…talking of which, there turned out to be a general shortage- our members are by now used to having their stomach’s content while we were trying to satisfy the palates. Draining off the rest of the Rose bottles did not help the situation any. It was by an infusion of additional wines from the house cellar (which incidentally is rather well stacked for an Indian restaurant-perhaps Marut is counting on the ‘Return of the Ex-pat’) that some order was brought to an almost chaotic wine situation. Undoubtedly, the flavours and spices in the food at the restaurant would help wine give additional pleasure to the buds.

The first dish, Rawas (fish) reminded many Bengali members of a Bengali fish dish- sure enough, he had used some Bengali spices to make it. Boned thigh of chicken, filled with chicken farce and sultanas, almonds, pistachio, perfumed with arq kewra and cardamom, grilled in the tandoor, might have read like a heavy dish but it was quite light on the palate. Boned lamb shank set afloat in gold-enriched, spiced gravy was not only exotic- it was lajawaab (‘delicious’ won’t aptly describe this preparation) with a seductive texture. Arhar Dal which was a part of the condiments did not exactly fire up the culinary cylinders, though!

It is not often that the pre-plated service is seamless, especially at a stand-alone restaurant. But Marut had promised me that he had taken the plated service as a challenge and was equipped to serve a hundred pre-plated meals at the same time. Well, the 5-course dinner he served, instead of a typical thali meal, is a compliment to his management capability and that of Rajesh Chatterjee who is managing the restaurant and the bar that was to open a few days later.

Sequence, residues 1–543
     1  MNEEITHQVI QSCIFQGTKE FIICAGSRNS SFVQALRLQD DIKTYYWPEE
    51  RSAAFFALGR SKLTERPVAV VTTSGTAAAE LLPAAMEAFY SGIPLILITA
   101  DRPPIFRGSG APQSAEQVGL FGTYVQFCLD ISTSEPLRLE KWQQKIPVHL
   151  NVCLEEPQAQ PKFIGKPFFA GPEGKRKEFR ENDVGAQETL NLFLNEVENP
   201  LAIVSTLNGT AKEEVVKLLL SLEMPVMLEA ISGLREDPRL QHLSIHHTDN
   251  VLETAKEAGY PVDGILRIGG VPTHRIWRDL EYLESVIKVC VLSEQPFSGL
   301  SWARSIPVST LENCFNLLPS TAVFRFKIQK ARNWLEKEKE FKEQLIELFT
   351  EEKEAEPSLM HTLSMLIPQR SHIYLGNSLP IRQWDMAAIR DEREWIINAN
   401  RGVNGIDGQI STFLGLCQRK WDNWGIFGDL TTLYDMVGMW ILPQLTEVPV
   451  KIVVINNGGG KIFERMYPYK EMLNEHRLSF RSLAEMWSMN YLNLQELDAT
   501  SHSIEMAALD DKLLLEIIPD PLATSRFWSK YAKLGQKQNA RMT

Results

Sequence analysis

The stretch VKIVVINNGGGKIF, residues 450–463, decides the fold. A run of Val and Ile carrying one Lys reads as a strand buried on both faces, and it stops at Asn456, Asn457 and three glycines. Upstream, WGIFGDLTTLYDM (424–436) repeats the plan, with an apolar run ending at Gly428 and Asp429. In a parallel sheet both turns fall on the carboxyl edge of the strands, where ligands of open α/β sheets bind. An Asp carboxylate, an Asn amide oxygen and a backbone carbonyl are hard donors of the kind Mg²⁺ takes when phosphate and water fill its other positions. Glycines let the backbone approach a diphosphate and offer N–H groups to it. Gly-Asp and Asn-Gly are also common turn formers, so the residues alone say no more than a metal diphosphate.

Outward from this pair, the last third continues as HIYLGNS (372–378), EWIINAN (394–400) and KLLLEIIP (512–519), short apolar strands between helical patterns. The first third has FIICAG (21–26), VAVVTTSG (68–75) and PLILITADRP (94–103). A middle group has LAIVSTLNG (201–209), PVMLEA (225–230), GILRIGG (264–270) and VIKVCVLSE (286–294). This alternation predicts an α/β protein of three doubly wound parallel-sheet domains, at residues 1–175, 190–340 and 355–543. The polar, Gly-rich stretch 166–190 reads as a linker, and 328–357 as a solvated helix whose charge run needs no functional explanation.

There was not a member who was not floored by the food and the service- the wine service would still need a bit of polishing up for a 50+ wine drinking crowd, not a possibility in the near future! The silverware and stemware are of very high standard and one can be sure it would become a usual haunt for people demanding a less rustic Indian cuisine and many expats as one could gather from the conversation between a few of the members belonging to this community.

A tip to the wise! Thali meal offers a great value in this restaurant! One could order a plate or two of kebabs and go for the thali though we had a special menu prepared for the evening. ‘I wanted to do something unique for the Delhi Wine Club members,’ said Marut. Perhaps for the first time, we did not interefere with the food Menu suggested by a restaurant and the choice of dishes, except requesting the addition of a dish here and there was left entirely to Marut and his team. His passion and creative was in full display this evening with many members saying, ’yeh dil maange more!’ with an equal number reminded of the great event at the Magique last year, vociferously asking, ‘when are we having a dinner at Magique again?’

Two different places and venues, two different ambiences and surroundings and two entirely different cuisines, Marut  has proved that he can handle a wide culinary canvas.

Subhash Arora